Crossroads is the Newsletter of the Center for Spirituality, Theology & Health at Duke University. The November, 2013 issue was just released. In this issue, six research studies were highlighted and summarized. The one that most interested me was a study about the value of social connectedness.
Social Isolation and Mortality. Researchers at the University of California at Berkeley, University of California at San Francisco, and Stanford University analyzed 14-year follow-up data on 16,849 adults collected as part of the Third National Health and Nutrition Examination Survey (HANES-III).
Results of the Study – Among the results of the study, the researchers found that “Of all indicators of social isolation in both men and women, infrequent religious attendance was the strongest predictor of mortality.”
Church Attendance and Mortality. The staff at Duke’s Center make this comment: “This is a very important study because it compares the effect of religious attendance on mortality with other traditional risk factors, and it does so in arguably the most well known longitudinal study of health in the U.S. (the HANES-III). Among men, religious attendance was a stronger predict or of mortality than race, education, obesity, high blood pressure, or high cholesterol. Among women, religious attendance had a similar effect as race and a stronger effect than education, income, obesity, high blood pressure, or high cholesterol. In both genders, no other social factor – including marital status – had as strong an effect as religious attendance on mortality.”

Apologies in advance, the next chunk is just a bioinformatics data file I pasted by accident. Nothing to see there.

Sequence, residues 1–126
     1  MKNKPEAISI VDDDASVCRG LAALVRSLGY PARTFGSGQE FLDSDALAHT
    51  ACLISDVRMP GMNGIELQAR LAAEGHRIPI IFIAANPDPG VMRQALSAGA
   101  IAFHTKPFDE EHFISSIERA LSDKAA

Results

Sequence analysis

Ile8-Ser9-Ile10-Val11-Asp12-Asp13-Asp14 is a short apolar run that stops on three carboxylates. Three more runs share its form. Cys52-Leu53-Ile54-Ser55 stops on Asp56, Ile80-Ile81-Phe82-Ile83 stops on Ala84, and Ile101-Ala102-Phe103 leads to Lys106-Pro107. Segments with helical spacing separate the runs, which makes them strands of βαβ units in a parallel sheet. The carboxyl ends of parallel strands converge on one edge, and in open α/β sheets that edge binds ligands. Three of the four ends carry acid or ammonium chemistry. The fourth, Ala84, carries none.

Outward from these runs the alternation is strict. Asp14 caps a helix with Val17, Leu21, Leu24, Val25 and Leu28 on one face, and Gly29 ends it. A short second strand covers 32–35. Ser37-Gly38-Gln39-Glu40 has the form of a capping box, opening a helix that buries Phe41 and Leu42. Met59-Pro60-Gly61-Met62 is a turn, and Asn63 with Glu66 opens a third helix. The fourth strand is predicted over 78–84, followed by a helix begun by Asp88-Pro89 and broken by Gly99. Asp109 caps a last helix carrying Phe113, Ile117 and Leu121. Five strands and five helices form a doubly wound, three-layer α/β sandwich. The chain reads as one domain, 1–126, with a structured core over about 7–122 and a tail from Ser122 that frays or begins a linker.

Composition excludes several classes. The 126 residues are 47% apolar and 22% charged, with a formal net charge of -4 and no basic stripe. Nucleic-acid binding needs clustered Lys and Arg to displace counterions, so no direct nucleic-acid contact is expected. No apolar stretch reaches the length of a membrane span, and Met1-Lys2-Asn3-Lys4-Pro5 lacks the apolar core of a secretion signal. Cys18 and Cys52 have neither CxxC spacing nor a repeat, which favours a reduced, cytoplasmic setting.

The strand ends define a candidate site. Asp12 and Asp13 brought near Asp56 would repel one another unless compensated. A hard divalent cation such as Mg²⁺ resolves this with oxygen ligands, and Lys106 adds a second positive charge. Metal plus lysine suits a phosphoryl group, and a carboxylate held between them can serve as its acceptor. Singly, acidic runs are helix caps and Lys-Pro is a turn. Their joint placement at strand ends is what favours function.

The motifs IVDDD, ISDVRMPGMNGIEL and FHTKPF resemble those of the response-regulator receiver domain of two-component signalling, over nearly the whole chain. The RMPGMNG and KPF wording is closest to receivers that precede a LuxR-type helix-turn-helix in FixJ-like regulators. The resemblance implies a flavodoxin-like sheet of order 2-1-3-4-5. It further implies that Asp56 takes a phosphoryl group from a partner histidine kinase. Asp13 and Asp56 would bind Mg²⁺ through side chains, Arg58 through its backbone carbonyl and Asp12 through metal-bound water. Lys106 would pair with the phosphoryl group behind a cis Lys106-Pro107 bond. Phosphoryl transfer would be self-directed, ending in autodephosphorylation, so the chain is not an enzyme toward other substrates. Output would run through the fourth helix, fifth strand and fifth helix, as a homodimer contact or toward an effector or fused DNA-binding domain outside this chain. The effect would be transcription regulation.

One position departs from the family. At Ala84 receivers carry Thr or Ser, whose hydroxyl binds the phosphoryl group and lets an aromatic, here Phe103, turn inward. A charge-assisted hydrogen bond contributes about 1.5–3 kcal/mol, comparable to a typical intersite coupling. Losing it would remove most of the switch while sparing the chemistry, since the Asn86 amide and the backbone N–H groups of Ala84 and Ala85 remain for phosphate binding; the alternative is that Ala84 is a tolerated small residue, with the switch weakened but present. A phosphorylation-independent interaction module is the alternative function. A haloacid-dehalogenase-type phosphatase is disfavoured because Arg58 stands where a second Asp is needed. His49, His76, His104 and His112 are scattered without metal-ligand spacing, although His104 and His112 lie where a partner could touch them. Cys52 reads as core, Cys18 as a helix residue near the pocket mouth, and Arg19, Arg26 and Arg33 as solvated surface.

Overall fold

Attend Church and Be Connected to Other Believers are two Biblical Principles for a Healthier Life that we address in the PathWay 2 Wholeness program. We are all wired with a desire and a need to be in relationships with others. When we live out God’s second great commandment – love others as you love yourself, we are putting into practice what God designed us for – relationships with one another.
Related Questions to Reflect On
Are you well connected? Do you attend church frequently? Do you have a small group of believers that you are in community with?